After long and difficult deliberation, Restless Books is pleased to announce the finalists for our Prize for New Immigrant Writing. Our judges were astounded by the sheer quality and diversity of submissions to this inaugural running of the prize. We thank everyone who submitted their work for making the selection process so enjoyable, and we can't wait to introduce the world to a remarkable debut author when we publish the winning book next year.
Without further ado, here is the shortlist:
- The Alexandria You Are Losing, by Yasser Yehia El-Sayed
- The End of Peril, the End of Enmity, the End of Strife, A Haven, by Thirii Myint
- Heartland, by Ana Simo
- Intersections, by Yong Takahashi
- Temporary People, by Deepak Unnikrishnan
See below for more information about the finalists. The prize winner will be announced in early May. Stay tuned!
Congratulations to the finalists and a hearty thank you to all who submitted.
The judges—Maaza Mengiste, Javier Molea, and Ilan Stavans—and the Restless Books team
About the Finalists
Yasser Yehia El-Sayed
An Egyptian-American (by way of Libya and Scotland), Yasser Yehia El-Sayed is a high-risk obstetrician and the dean of maternal and child health at Stanford’s School of Medicine. The Alexandria You Are Losing collects stories about North Africans reckoning with cross-cultural experience as they find their place, both at home and abroad.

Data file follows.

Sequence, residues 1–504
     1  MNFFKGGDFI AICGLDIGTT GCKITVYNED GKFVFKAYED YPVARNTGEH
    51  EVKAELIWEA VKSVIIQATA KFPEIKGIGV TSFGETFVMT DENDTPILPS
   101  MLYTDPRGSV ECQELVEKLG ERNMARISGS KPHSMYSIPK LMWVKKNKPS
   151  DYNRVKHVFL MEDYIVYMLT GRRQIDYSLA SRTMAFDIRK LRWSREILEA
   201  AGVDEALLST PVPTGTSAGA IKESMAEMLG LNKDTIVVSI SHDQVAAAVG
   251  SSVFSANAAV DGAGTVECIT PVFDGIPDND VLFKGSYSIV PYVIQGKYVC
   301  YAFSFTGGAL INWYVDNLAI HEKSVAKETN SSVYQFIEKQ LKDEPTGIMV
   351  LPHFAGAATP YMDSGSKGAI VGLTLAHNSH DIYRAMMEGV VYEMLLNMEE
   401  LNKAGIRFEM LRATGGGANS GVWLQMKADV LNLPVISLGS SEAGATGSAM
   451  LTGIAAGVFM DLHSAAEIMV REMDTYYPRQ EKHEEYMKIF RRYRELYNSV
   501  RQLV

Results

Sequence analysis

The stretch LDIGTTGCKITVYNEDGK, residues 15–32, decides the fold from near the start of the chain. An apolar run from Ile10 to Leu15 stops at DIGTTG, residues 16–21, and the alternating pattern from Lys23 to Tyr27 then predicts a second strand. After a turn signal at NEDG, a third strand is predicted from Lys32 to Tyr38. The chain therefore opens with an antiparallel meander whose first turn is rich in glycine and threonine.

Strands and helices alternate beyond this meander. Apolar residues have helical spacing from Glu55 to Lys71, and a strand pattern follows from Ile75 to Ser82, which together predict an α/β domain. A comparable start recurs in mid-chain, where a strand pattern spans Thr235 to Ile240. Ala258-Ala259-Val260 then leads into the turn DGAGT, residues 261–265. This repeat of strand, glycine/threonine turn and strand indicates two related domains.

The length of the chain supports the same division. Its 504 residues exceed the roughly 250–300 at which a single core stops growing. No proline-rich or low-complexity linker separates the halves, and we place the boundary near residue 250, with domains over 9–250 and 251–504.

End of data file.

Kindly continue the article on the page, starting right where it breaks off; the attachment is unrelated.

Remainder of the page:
Born in the city of Yangon, Thirii Myint is a PhD candidate in English and Creative Writing at the University of Denver. Influenced largely by Tayeb Salih’s Season of Migration to the North, Myint’s collection and novella grew out of the author’s intention to render categories of “immigrant” and “ethnic” literature obsolete.
Ana Simo is a Cuban-born New York writer and lesbian activist. In her novel, Heartland, a rogue Latina writer, a mysterious Anglo art dealer and a New Racialism leader collide, sparking an irreverent riff on the burdens of history, sex, guilt, and revenge.
Yong Takahashi moved from Seoul to Detroit when she was two years old and has worked in accounting and real estate, all the while writing fiction on the side. Intersections, her collection of linked stories set in and around Atlanta, suggests the interconnectedness of disparate people in a city supposedly segregated by race.
Deepak Unnikrishnan moved from Abu Dhabi to the United States when he was twenty years old to attend college; he holds an MFA from the Art Institute of Chicago and has taught at the Institute and at NYU Abu Dhabi. With stylistic cues taken from Salman Rushdie and George Saunders, the short stories of Temporary People illuminate how temporary status affects noncitizen migrant workers in the United Arab Emirates.